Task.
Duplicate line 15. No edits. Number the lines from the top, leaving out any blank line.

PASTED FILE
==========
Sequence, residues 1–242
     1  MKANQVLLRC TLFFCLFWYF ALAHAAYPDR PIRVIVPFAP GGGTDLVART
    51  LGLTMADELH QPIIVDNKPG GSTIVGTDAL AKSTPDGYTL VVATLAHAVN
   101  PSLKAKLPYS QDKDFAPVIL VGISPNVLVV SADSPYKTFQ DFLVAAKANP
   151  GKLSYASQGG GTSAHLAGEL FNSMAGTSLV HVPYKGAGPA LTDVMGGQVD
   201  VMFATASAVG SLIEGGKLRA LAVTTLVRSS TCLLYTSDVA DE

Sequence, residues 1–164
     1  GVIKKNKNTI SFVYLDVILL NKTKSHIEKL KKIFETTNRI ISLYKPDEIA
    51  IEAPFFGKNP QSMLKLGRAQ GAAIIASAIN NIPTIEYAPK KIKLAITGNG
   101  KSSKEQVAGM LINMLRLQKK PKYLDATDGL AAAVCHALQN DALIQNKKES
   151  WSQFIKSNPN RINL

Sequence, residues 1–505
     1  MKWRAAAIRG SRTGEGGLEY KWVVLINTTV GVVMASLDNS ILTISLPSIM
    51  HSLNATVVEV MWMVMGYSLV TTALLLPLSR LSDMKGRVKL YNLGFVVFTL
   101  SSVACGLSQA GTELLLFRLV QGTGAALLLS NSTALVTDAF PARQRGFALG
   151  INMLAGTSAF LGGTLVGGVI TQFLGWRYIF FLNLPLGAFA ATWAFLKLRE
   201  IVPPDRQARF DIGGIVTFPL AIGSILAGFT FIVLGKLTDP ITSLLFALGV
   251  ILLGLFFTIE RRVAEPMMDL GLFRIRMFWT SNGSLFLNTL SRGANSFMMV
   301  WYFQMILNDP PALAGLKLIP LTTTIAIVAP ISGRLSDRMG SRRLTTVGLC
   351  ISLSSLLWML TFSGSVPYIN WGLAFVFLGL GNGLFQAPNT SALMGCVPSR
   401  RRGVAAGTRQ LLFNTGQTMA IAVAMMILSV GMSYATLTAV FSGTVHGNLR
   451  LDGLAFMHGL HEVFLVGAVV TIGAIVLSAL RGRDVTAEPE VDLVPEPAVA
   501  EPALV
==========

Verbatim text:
   101  SSVACGLSQA GTELLLFRLV QGTGAALLLS NSTALVTDAF PARQRGFALG